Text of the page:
(Forgotten Realms #9, The Avatar Trilogy #2)
(First published 1989)
Elminster of Shadowdale is missing, presumed dead. The magic-user Midnight and her cleric companion Adon stand accused of his murder. Both are to stand trial before the lords of Shadowdale. Meanwhile, the god of tyranny, Bane, and the god of death, Myrkul, plot to recover the Tables of Fate. It was the theft of the tablets that resulted in Ao stripping the gods of the Forgotten Realms of their power and exiling them to the mortal plane.
The second book in The Avatar Trilogy by Scott Ciencin writing under the collaborative pen name Richard Awlinson (Troy Denning penned the third) is a slight improvement on Shadowdale is many respects. Though Midnight is the hero of the story, it is her erstwhile friend Cyric who steals the limelight as he quickly undergoes an alignment shift from something-neutral to hardcore chaotic evil. Cyric lies, cheats, murders and betrays his way through friend and enemy alike. Though his rapid transformation isn’t entirely believable, the book does a good job of presenting his motivations to the reader. Interestingly, the traditional bastion of good and justice that is Shadowdale is painted in a less than flattering light in the first part of the story. Even paragons of virtue like Storm Silverhand are baying for the blood of our (innocent) protagonists, painting Cyric as more of an anti-hero than a villain, at least early on.
Bane and Myrkul reprise their roles as the primary villains, assisted by the largely incompetent Zhentarim. In truth, not a great deal happens for much of the book. A lot of time is spent following our heroes as they flee first the Shadowdale militia and then a trio of assassins sent by Bane to retrieve Midnight. The mercenary warrior Kelemvor’s curse is central to his character arc and culminates nicely in a visceral scene with Bane – whose habitation of the priest Fzoul Chembryl’s mortal form has thankfully imbued him with some restraint following his lamentable showing in Shadowdale.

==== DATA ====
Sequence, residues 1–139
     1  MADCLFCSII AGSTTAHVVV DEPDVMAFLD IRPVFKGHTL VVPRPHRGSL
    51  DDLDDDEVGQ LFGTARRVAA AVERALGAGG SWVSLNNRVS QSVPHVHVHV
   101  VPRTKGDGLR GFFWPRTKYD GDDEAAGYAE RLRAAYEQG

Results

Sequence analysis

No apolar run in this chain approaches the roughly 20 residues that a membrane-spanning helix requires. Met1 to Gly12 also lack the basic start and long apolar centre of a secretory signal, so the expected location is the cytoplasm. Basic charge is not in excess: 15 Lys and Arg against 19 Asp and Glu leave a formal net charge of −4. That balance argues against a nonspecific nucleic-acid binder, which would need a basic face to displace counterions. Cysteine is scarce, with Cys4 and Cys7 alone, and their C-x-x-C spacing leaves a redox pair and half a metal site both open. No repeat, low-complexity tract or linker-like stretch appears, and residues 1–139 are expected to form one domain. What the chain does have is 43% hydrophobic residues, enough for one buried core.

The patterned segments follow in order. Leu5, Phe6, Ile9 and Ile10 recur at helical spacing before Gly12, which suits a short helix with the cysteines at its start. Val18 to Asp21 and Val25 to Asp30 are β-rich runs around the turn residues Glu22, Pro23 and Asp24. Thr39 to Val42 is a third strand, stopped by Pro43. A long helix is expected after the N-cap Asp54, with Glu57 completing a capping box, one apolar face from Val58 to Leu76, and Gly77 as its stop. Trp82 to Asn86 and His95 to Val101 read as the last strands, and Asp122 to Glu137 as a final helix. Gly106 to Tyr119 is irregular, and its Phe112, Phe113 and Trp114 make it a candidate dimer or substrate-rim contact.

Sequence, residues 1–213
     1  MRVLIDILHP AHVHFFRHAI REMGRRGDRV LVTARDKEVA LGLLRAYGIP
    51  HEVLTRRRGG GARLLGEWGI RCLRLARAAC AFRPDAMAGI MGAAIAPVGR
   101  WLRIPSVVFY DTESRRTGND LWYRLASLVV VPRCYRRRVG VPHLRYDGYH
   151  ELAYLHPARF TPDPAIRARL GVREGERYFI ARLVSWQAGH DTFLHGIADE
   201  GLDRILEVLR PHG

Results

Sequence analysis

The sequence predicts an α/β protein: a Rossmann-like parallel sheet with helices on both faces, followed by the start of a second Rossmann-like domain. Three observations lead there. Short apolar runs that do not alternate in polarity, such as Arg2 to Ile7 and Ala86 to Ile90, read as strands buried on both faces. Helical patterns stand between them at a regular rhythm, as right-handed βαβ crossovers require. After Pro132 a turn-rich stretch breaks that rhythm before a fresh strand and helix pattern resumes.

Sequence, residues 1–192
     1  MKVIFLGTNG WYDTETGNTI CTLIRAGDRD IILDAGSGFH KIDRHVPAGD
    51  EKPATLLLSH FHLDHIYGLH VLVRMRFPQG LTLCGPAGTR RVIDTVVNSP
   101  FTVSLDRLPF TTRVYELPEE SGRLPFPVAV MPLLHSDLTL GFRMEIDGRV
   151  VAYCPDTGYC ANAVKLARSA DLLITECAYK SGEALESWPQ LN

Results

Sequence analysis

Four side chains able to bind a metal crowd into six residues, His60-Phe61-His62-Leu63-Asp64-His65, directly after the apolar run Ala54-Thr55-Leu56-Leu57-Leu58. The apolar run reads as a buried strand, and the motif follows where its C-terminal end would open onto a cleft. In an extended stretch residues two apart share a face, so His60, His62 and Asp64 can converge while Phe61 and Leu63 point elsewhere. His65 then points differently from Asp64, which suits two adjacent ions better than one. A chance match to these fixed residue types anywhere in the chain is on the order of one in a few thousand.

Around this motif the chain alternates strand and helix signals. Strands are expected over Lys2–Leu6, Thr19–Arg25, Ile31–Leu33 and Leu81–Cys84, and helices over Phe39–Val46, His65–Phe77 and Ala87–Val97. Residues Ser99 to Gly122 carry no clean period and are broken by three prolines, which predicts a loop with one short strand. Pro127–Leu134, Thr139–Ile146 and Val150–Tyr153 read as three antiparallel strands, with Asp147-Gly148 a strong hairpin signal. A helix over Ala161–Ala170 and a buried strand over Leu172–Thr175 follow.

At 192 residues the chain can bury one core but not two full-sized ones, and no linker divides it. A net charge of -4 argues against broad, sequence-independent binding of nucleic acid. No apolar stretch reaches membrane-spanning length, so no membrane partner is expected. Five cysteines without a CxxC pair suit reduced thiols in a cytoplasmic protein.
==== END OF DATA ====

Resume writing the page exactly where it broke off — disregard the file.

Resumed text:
As mentioned, this is Cyric’s book. It is sometimes hard not to cheer for this ambitious young survivor from Zhentil Keep as he triumphs using skill and cunning in the face of overpowered wizards and godly avatars. Cyric’s frustration with Adon, the priest of Sune who was rendered near catatonic after suffering a facial injury, is eminently understandable. Midnight remains the worst of the protagonists, swept along by the story’s requirements and serving mainly to establish the motivations of the male characters.
Though the story suffers from dull stretches and the writing is only a small step up from Shadowdale – that is to say, merely perfunctory rather than raw – the final act in the city of Tantras steps things up, presenting a dystopian vision of Lawful Good intolerance taken to extremes. The battle between the avatars of Torm and Bane, though silly, remains one of the more memorable scenes in the great canon of Realms literature. Though, one thing I’ve always wondered about: if Bane’s ritual to achieve his giant avatar form involved killing all of the assassins in the Realms (conveniently removing the class from 2nd edition D&D), how and why did Artemis Entreri survive?
In summary, Tantras is middling book in a generally poor trilogy that remains essential reading for fans of the setting. Rather like the curate’s egg, there is good to be found if you look hard enough.
** 1/2 out of *****